Nothing generates travelers’ ire more than frustrations with frequent flyer programs. That’s understandable, given the way the airlines (1) entice us onto their planes with promises of endless “free” trips, then (2) make it almost impossible for us to take those trips.
Here, for example, is a recent inquiry: “We are trying to save up frequent flyer miles on Northwest to take our whole family of six to Hawaii for a ‘final full-family vacation’ in the next year or two. How far in advance do you recommend we make reservations for this trip?”
First let’s clarify one point: Your main problem isn’t how far in advance to make the reservations. Airlines generally won’t reserve frequent flyer seats more than 11 months in advance. Specifically, with Northwest, it’s 335 days. By all means, call as early as you can. But no matter when you call, scoring six seats will be tough.
Thus, your real problem is how to arrange for a party as large as six to travel anywhere on frequent flyer miles. Most airlines, on most flights, allocate so few seats to frequent flyers that your chances of finding six seats on any given flight are pretty small. In fact, parties of three and four often have difficulty booking frequent flyer seats on the same itinerary. Given that problem, here are some ways to accommodate large parties. Although my specific answer focuses on Northwest, travelers can use the same strategies on the other legacy lines as well (with appropriate changes in the route details):
You’ll probably want to get the whole family on the same flight if you can. Although chances aren’t good, you can at least ask. Focus on:
1. Different routes. Test all the feasible origin, destination, and hubbing airports. Probably the toughest seats to score are those from the mainland to Hawaii. Northwest serves three airports in Hawaii—Honolulu, Kahului (Maui), and Kona—so if you can’t find seats to your preferred destination, try one of the others. Also, Northwest flies to Hawaii from four different mainland gateways—Los Angeles, Minneapolis-St Paul, San Francisco, and Seattle—so try connections through each. If the flight from your home airport to a mainland gateway is the problem, check availability from other airports within reasonable driving distance.
2. Different dates. Unless your schedule is completely inflexible, try all the above alternatives for as many days before and after your preferred dates as are feasible.
3. Multiple classes. If you generally prefer to fly coach, get as may coach seats as you can, then use extra miles to get the additional seats you need in business or first class. Or vice versa. I frequently see columns advising travelers who want coach seats to try for business or first class when coach isn’t available. In my experience, that’s totally unrealistic: Airlines are stingier with business- or first-class seats than with coach seats, especially to Hawaii.
4. Partner airlines. You can use Northwest miles on three other airlines that also fly to Hawaii: Continental, Delta, and Hawaiian. Check with the program for details.
5. Paid seats. If you manage to find, say, three or four “free” seats on flights you like, consider taking those free seats and paying for whatever additional seats you need.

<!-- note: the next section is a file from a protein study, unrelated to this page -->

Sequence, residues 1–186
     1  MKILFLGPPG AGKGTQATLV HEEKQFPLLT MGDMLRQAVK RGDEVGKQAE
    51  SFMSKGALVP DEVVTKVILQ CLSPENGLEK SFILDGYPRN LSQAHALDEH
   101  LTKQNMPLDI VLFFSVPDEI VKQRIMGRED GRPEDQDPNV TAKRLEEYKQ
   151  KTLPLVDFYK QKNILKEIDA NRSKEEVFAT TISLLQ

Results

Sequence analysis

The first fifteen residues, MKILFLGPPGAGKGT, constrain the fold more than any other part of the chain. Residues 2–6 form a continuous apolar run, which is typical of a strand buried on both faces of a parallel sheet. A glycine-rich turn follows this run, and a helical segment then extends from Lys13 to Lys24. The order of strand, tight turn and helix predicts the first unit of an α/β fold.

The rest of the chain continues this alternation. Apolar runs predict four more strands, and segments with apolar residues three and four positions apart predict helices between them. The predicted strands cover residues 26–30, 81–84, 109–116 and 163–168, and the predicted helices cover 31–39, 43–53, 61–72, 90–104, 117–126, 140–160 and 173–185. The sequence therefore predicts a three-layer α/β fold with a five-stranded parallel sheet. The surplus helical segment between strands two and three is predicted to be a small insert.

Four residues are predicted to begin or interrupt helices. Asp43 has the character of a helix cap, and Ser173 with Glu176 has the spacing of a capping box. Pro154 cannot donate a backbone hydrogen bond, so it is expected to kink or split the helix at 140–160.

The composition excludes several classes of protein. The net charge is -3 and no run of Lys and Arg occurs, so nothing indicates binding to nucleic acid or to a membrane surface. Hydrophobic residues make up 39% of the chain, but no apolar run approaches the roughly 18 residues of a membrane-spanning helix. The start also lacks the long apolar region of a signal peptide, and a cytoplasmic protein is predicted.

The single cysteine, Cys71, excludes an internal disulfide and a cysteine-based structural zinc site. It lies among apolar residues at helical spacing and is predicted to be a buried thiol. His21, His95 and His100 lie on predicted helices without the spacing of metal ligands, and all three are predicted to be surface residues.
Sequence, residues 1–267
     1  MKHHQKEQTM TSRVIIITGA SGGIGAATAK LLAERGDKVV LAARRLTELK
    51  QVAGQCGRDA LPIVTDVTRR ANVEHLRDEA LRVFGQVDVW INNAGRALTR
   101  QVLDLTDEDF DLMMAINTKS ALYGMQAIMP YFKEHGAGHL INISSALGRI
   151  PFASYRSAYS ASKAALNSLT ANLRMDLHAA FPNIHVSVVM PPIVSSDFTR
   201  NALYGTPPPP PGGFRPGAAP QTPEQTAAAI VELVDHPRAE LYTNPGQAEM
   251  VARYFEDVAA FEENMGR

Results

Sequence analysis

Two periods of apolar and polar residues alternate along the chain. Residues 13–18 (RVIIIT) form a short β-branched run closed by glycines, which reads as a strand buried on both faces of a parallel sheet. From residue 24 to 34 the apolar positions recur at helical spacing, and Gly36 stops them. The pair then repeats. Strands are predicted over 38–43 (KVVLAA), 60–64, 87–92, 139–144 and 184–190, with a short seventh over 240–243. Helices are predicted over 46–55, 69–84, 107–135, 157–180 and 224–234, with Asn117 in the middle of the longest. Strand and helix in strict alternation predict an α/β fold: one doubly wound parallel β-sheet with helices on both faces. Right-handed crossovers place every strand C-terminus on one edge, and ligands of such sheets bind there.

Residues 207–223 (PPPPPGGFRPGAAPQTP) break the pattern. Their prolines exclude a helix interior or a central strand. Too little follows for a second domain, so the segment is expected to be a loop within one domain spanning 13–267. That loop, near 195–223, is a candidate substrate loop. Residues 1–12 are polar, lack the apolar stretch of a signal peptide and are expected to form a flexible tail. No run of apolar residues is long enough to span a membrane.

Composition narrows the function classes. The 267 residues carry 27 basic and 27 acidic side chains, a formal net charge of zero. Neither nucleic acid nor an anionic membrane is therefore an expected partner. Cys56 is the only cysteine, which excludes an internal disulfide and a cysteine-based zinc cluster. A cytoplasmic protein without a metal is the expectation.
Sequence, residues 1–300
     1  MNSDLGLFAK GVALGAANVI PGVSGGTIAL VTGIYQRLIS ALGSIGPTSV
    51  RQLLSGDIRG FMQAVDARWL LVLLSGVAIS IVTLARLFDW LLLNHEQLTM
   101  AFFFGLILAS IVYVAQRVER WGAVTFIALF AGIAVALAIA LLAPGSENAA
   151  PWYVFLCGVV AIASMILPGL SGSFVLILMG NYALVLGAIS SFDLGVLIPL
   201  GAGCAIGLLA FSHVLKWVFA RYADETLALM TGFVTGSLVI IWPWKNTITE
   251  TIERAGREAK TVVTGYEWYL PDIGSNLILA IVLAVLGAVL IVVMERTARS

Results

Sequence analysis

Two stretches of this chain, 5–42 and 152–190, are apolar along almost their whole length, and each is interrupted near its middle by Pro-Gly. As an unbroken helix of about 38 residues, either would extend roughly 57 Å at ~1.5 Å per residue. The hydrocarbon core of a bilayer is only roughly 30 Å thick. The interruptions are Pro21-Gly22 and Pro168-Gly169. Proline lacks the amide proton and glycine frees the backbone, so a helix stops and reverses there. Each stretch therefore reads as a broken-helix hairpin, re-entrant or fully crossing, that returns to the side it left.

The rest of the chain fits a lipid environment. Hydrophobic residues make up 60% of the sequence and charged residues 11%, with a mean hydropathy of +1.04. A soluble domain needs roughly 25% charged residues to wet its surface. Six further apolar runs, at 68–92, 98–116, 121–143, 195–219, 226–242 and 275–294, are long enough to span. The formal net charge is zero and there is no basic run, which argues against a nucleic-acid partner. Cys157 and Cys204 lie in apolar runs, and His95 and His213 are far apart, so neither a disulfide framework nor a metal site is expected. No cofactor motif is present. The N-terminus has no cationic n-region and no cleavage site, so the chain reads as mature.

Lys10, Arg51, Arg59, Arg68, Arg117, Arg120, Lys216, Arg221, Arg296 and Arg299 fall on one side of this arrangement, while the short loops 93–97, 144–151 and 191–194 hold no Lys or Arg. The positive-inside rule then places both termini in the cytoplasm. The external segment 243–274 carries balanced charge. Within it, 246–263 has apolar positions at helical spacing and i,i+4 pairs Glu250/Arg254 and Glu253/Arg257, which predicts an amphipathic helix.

6. Extra miles. On Northwest (and most other legacy lines), you can use double the usual miles to bypass limited frequent flyer seat allocations. As in the above alternative, then, you could take as many “standard” award seats as are available and use double-miles “rule buster” awards for the rest.
You can up your chances considerably if you’re willing to split your family travel party into two or three smaller groups. In fact, that’s probably your most realistic alternative.
A year or so ago, a friend faced a similar problem—getting himself, his wife, and two kids from San Francisco to Europe and back on Continental frequent flyer miles. Although he couldn’t get four seats on the same itinerary, he did get four seats on the same dates but different flights: He took one child through Newark while his wife took the other through Houston. Similarly, in this case, you can use any or all of the above strategies to arrange seats in subgroups of two or three.
Although airlines don’t release any hard data, industry lore is that they start out allocating very few frequent flyer seats to each flight, then release additional seats as the departure date nears on flights they know won’t be full. If you have a gambling spirit, you can try playing a timing game.
1. Last-minute. If your schedule is flexible enough, you can plan the whole trip as a last-minute roll of the dice. Keep checking—right up to a week or so before departure—to find the seats you need. That’s okay if you don’t have to reserve your accommodations well in advance, but it’s virtually impossible if you have to reserve a condo months in advance.
2. Paid-seat backup. You can buy the required seats—either on Northwest or some other line—then keep trying for award seats until right up to departure. If you get the award seats, cancel the paid seats; if you don’t, take the paid seats and figure on using the mileage later. That works only if you fly enough to make good use of the residual value of the paid tickets, less the exchange fee, on future flights. And unless you’re really rich, it works only for coach. Otherwise, forget it.
Your best bet
Although I don’t know enough about your family to make a firm recommendation, I know what I’d do in similar circumstances. Of course, I’d try to get all the seats on one itinerary. But since that would probably be a lost cause, I would then plan on splitting the family into two or three groups, trying first to get all the groups on the same date. As a last resort, I’d go for the pay-some approach, either with cash or double miles.